Q: What's Gaiman's response been like?
Selick: He's been wonderful. It was more difficult early on because I was an untested screenwriter - though when you're a director, you're always rewriting stuff because you don't have the writer available to give you dialogue. The first draft sucked because it was just like the book; I was too faithful to the book. I told [Gaiman], "I can't talk to you for a year. Let's see what happens." And that's when it started to turn into a movie. He's never been over my shoulder. I've sent him over drafts of the screenplay; I don't send him footage all of the time. Every once in a while we give him a peek. He's come to the studio a couple of times, and he's just great. He's never about, "Oh, that's been changed. That's not like the book." He's always a great joy with lots of positive energy. He always points out two or three things to change or adjust that are doable things, and... they're always right, and they make the movie better. It's been phenomenal to work with him.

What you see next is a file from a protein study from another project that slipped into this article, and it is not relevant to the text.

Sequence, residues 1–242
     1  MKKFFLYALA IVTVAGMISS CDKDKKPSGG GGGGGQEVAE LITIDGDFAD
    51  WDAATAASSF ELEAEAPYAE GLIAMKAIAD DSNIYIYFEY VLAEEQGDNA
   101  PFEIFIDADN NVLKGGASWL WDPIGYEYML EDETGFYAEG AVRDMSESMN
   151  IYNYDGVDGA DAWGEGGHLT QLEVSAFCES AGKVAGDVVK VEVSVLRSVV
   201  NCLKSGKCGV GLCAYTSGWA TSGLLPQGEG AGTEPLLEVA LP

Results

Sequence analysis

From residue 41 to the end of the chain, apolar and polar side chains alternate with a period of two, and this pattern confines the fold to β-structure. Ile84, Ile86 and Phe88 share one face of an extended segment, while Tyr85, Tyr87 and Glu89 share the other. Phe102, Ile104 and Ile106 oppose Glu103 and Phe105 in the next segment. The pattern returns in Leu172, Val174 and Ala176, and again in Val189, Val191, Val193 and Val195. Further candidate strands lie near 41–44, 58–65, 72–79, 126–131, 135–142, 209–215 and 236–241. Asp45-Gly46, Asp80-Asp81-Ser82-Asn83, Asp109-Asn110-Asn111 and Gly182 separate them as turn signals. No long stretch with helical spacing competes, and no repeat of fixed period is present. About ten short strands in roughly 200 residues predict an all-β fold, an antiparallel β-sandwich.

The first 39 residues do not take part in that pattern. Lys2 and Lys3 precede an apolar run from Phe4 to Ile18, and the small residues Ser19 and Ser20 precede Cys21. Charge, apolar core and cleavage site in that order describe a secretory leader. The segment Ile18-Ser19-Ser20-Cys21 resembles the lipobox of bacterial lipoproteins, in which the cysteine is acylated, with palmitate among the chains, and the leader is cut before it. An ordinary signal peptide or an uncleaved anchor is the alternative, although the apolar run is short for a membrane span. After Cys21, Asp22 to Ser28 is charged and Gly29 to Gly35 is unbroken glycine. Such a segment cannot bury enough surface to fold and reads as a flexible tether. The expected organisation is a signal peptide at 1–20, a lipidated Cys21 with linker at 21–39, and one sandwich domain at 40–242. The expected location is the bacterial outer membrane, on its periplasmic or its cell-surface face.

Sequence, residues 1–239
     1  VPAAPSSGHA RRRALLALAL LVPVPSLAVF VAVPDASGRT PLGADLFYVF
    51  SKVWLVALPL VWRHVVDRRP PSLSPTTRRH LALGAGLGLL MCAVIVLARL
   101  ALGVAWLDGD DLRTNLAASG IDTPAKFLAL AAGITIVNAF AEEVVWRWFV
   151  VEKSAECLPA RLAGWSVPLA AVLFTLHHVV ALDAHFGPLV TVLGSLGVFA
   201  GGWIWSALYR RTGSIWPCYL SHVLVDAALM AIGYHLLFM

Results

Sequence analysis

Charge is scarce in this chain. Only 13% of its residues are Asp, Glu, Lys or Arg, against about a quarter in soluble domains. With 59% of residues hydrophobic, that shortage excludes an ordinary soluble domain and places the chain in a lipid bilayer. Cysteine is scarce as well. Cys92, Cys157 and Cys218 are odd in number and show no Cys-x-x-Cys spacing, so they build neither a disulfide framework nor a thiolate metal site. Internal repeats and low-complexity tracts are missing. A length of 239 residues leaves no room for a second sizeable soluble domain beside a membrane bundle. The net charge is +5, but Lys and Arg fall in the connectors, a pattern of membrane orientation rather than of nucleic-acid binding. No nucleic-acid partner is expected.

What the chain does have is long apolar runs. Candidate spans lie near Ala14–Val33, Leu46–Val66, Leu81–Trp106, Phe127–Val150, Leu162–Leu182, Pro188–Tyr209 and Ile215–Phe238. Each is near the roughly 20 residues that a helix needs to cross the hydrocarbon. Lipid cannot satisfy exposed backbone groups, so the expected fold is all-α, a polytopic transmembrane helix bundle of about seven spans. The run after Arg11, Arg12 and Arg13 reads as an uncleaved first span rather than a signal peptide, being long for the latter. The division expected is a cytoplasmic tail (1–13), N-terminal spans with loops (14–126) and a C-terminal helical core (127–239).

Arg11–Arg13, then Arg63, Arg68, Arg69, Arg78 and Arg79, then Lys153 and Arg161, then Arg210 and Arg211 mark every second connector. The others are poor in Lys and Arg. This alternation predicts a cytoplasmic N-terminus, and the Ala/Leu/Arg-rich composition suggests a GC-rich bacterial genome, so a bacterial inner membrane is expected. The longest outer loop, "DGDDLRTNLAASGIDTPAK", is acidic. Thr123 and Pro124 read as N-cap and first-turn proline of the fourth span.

Q: Regarding the stereoscopic 3-D, I was told that you made that decision early in the process. Why go with that?